May 22, 2015

Alexander Knox, Wilson

Won: Golden Globe - Best Actor

The Role: For some reason, Darryl Zanuck had mad love for President Woodrow Wilson, so much so that he set out to make what was at the time the most expensive film ever made (more so than Gone with the Wind for christ's sake). And on top of all that, he cast a second-string actor to carry the whole thing. Just think about how that would be roll out today. But as the head of Princeton who'd go on to become the 28th President of the United States and lead our country past the first World War, I can justly say that Knox proved my doubts wrong.
Wilson is still a pretty boring flick more than half of its running time. But it's Knox, a man who comes off as graceful yet ever-so slightly meek, who really takes ahold of the picture and makes it worth watching. His performance is a slow-burn; he starts off docile, slowly escalating until he becomes this vivid, fiery, passionate leader. And once he gets to that point he is quite a sight to see. It is said that Knox had 1194 lines in 294 scenes--a fat chunk of them coming towards the film's latter half, with him spewing out spirited oration after oration, roaring like a lion--and he does such a supreme job at breathing life into this man who, while a great President, tends to be forgotten amongst larger and more notorious names. Knox makes someone who I had only known in passing from a high school history lesson really, truly intriguing, and that's to be applauded given that the film is just your standard, stuffy, unexciting prestige flick. I thought he was plenty touching in a pivotal emotion moment in the film, and while the entire performance in and of itself goes by the books and is baity as all hell, I can't help but feel affection towards it. Perhaps it's because this was Knox's one and only "moment" of his career--he'd never have another like this again. Sometimes you watch other actors' big moments (like say Jennifer Jones) and you don't get the hype. In this case, nailed his moment. It might not have won him the award that counted, and his flick might have been a big fat flop at the box office...but he excelled at what he was tasked to do, elevated it from what many other baity fluff-flicks end up being, and stayed with me once I was done. And that's pretty great, no?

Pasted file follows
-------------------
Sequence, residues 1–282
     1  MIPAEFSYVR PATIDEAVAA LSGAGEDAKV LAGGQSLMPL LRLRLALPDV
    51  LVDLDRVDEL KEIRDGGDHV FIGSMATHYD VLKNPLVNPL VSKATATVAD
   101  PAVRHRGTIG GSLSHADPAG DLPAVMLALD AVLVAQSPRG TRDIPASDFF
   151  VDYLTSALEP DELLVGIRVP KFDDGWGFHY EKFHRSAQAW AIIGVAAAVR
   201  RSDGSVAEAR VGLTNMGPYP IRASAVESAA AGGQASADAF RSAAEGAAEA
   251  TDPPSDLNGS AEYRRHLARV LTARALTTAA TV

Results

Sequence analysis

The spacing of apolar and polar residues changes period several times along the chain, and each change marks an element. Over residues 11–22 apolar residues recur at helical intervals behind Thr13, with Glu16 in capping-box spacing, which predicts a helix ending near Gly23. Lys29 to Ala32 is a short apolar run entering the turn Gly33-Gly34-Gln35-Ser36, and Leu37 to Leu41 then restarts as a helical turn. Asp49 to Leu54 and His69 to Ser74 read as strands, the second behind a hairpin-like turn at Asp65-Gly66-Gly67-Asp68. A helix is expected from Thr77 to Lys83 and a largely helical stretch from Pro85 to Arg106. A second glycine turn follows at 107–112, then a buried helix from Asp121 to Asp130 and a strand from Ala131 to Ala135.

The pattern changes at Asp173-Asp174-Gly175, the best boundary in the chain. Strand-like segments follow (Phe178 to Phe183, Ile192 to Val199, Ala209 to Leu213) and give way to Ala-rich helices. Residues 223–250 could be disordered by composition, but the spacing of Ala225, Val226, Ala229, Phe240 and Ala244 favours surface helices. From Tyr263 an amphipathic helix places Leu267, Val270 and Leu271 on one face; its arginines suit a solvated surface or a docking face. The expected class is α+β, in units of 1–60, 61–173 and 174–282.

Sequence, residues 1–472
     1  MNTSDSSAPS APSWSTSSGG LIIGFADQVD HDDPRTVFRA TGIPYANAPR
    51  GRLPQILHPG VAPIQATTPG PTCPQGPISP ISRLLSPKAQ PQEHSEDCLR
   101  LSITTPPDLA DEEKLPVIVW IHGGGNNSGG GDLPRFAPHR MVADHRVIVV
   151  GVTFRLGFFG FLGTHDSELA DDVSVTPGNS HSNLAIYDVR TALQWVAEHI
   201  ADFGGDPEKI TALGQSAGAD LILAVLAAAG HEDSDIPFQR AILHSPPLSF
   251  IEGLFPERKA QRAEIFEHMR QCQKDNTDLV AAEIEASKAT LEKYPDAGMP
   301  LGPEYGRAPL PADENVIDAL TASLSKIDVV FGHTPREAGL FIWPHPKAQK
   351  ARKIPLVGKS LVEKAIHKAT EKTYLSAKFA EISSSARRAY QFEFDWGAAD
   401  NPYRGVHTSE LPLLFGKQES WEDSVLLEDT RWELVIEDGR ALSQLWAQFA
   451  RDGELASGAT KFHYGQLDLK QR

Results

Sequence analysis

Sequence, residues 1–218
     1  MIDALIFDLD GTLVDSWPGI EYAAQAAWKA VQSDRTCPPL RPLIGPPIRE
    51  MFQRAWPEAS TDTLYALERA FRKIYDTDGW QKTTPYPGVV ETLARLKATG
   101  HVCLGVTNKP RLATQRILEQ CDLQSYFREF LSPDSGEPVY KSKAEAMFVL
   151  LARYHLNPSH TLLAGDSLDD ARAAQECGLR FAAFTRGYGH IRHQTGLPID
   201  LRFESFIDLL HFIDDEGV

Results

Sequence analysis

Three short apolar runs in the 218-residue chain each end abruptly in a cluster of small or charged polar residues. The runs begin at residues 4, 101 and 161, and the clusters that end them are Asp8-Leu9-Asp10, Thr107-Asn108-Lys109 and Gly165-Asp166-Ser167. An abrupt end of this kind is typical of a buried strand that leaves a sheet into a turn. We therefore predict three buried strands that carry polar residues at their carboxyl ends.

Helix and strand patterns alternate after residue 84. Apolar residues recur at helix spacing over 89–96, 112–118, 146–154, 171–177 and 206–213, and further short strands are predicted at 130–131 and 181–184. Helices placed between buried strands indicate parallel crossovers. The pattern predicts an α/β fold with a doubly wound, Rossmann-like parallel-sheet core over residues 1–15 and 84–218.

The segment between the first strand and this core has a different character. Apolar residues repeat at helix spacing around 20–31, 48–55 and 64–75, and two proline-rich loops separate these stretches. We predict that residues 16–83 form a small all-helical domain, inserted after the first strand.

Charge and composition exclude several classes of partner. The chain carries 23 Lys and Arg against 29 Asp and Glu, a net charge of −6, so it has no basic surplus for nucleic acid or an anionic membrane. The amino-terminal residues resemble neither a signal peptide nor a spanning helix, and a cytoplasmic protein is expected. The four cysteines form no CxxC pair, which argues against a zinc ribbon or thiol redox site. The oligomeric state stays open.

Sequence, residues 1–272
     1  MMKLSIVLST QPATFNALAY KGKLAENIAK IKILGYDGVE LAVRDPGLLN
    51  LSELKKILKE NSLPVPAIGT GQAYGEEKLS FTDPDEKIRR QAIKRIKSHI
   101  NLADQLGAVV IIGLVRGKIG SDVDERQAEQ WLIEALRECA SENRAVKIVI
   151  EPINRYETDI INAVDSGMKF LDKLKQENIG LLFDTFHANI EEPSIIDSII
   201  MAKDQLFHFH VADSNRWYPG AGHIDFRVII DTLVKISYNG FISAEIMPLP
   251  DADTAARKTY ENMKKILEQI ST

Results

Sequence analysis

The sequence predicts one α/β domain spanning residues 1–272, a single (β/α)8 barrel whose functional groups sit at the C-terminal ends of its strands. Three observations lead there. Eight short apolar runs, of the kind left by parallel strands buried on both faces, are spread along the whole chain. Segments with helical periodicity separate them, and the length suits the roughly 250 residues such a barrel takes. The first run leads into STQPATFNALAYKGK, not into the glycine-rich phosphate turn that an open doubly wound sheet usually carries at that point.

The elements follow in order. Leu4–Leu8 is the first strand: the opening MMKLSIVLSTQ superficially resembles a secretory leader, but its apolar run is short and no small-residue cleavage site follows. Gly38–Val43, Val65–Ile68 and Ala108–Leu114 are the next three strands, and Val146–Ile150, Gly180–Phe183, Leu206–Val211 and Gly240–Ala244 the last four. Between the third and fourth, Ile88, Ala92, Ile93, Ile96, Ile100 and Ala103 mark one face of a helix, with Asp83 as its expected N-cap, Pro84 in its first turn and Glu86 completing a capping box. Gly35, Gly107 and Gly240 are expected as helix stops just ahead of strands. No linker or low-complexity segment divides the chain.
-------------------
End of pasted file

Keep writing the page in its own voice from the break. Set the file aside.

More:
1 comment:

  1. Holy mackerel! This is one big batch of Academy nonsense. 'Wilson' was deservedly lost in the Oscar run-ups of 1944. Too big, too preachy, too patriotic (by half) and too arch in its ever-so-noble recreation of a president with as much flaws as substance. Oh brother.

    And yet, there is Knox. He gives a rather sedate yet resonant performance that neither overcomes or detracts from the film's fatal flaws. He is completely believable at all times but still does not jump out from all the hitherto of biopic-itis to make his performance memorable. It's unfortunate because this film needed a dynamic center from which to build from its inner solemness and, as good as he is, Knox did not provide that. He still deserved an Oscar for this performance for his yeoman-like work but it was a weak year and he's been forgotten ever after. I still like his work, though.